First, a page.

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Workers’ comp’s “profitability”

If workers’ comp is so profitable, why is Liberty Mutual de-emphasizing the business?

Because contrary to what NPR and ProPublica have reported, comp is NOT very profitable.  In fact, over the past decade or so, it’s barely a breakeven proposition.

Today’s Boston Globe reports that the former industry leader (and my former employer and consulting client) has significantly cut back its work comp exposure over the last few years,

  • greatly ramping up personal lines and other business lines,
  • reducing WC premiums by over a third,
  • dropping to the 4th largest underwriter of WC,
  • selling off WC subsidiary Summit Holdings, and
  • paying Berkshire Hathaway $3 billion to take over a big chunk of its exposure for legacy WC and some environmental claims.

These moves have dramatically increased profitability; Liberty’s overall profits increased from $284 million in 2011 to $1.7 billion last year.

(thanks to CompToday’s TJ Allen for the tip)

Yes, the work comp insurer that dominated the industry for decades, consistently leading in market share, is moving away from the work comp business. The reason is simple, work comp just isn’t very profitable.

Or even moderately profitable. 

The “reporting” from ProPublica and NPR on the work comp system and all its ills grossly distorted many things, but perhaps most egregiously the industry’s financial returns, stating:

“In 2013, insurers had their most profitable year in over a decade, bringing in a hefty 18 percent return.”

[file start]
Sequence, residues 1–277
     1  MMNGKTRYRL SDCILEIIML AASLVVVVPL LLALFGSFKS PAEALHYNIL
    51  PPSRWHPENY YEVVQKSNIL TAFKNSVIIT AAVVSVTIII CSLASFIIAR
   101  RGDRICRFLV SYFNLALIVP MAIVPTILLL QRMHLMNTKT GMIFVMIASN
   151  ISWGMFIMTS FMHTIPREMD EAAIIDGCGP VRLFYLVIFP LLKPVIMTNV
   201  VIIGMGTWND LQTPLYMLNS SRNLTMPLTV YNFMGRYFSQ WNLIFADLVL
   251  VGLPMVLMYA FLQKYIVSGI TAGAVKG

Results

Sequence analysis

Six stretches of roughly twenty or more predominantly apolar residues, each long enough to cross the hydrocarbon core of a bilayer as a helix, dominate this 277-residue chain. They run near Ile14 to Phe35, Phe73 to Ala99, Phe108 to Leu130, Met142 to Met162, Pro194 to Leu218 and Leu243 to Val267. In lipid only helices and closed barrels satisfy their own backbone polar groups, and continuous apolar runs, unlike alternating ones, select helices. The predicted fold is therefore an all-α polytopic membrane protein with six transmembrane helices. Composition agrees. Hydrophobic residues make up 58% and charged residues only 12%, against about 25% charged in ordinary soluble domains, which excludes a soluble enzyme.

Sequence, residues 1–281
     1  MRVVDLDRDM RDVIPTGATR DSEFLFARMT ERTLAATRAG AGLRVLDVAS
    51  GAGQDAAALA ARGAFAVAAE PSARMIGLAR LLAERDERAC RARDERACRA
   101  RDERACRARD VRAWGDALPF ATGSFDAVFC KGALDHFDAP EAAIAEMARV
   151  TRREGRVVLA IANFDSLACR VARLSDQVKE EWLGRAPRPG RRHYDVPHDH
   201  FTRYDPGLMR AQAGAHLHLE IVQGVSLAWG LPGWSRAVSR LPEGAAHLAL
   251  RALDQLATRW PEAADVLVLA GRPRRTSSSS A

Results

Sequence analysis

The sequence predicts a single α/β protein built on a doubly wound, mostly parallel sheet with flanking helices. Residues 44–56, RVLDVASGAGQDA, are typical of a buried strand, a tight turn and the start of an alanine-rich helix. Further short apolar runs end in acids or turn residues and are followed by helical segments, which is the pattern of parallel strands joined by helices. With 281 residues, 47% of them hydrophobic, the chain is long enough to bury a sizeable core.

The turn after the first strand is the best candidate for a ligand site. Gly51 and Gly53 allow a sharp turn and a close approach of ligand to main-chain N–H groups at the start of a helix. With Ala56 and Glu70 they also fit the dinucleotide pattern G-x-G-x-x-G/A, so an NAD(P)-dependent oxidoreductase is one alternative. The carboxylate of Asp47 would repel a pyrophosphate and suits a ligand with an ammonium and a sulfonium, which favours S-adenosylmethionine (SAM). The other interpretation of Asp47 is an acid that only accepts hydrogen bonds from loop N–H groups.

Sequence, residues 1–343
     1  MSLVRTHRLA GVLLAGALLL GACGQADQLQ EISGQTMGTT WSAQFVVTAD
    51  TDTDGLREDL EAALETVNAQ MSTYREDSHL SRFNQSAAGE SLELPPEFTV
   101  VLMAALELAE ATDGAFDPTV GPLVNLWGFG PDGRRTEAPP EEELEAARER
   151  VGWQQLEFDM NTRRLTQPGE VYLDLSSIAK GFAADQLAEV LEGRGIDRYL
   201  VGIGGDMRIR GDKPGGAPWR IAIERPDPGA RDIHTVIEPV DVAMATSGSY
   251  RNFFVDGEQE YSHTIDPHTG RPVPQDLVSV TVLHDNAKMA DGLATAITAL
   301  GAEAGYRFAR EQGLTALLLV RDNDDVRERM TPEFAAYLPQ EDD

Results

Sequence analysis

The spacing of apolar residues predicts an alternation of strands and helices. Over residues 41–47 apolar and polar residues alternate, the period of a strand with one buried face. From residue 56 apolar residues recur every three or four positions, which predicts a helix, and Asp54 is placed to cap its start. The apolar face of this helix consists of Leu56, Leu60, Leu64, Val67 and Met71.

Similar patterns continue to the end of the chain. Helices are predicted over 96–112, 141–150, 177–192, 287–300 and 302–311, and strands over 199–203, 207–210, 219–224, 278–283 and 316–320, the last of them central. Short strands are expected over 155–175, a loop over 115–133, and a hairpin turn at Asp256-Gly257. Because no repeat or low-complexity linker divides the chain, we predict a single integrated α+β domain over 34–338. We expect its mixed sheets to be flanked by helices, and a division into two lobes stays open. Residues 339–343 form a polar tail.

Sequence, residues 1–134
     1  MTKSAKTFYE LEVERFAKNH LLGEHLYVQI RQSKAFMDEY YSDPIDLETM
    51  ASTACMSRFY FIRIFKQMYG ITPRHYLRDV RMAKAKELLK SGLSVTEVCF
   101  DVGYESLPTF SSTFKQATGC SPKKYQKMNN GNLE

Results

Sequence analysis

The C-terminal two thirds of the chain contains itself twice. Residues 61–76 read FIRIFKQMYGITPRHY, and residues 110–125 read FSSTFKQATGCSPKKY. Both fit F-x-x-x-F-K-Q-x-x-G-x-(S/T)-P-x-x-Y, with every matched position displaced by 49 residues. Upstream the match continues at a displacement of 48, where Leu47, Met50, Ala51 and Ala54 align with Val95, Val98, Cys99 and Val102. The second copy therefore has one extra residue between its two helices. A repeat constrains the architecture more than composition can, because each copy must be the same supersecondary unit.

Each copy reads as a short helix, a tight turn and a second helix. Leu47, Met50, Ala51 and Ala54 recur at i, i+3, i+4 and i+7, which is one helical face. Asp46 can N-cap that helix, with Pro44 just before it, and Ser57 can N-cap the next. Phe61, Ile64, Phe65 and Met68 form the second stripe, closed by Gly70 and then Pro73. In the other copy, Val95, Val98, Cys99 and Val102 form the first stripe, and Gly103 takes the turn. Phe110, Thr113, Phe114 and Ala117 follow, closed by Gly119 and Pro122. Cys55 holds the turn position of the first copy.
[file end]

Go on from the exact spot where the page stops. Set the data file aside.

What utter bullshit.  The reporters took a single NCCI graph way out of context, mislabeling the “finding” and grossly mischaracterizing the slide’s import.

I discussed this at length with NCCI’s Chief Actuary, Kathy Antonello; Ms Antonello was kind enough to send over the graph in question…I’m going to dig into that in detail tomorrow.

For now, ponder why the industry’s dominant player is slashing its work comp business if it’s so darn profitable.




4 thoughts on “Workers’ comp’s “profitability””

    1. And did you not forget your own post of May 14th, one month ago, that said “Work comp is looking better…”?

      I quote, “Workers’ comp net written premiums for funds and insurers were up substantionally – 6 percent – over 2013, making for the 4th consecutive year of premium growth.”

      Methinks, you cannot have your cake and eat it too.

      1. Richard
        I did not forget my post. The two posts are about entirely different subjects, time frames, and players.

    2. Richard
      I have no idea what you are referring to. If you can be specific that would be helpful.

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Joe Paduda is the principal of Health Strategy Associates



A national consulting firm specializing in managed care for workers’ compensation, group health and auto, and health care cost containment. We serve insurers, employers and health care providers.



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